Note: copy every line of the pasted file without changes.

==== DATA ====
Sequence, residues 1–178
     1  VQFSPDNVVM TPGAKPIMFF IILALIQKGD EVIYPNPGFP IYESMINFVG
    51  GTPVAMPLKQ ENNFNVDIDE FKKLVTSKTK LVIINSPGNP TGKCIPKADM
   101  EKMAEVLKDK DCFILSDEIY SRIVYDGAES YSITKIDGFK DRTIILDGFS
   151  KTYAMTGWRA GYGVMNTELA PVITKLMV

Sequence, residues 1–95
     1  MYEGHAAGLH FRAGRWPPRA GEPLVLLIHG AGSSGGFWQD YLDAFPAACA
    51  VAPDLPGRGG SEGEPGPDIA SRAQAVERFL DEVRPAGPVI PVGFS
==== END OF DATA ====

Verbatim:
Sequence, residues 1–178
     1  VQFSPDNVVM TPGAKPIMFF IILALIQKGD EVIYPNPGFP IYESMINFVG
    51  GTPVAMPLKQ ENNFNVDIDE FKKLVTSKTK LVIINSPGNP TGKCIPKADM
   101  EKMAEVLKDK DCFILSDEIY SRIVYDGAES YSITKIDGFK DRTIILDGFS
   151  KTYAMTGWRA GYGVMNTELA PVITKLMV

Sequence, residues 1–95
     1  MYEGHAAGLH FRAGRWPPRA GEPLVLLIHG AGSSGGFWQD YLDAFPAACA
    51  VAPDLPGRGG SEGEPGPDIA SRAQAVERFL DEVRPAGPVI PVGFS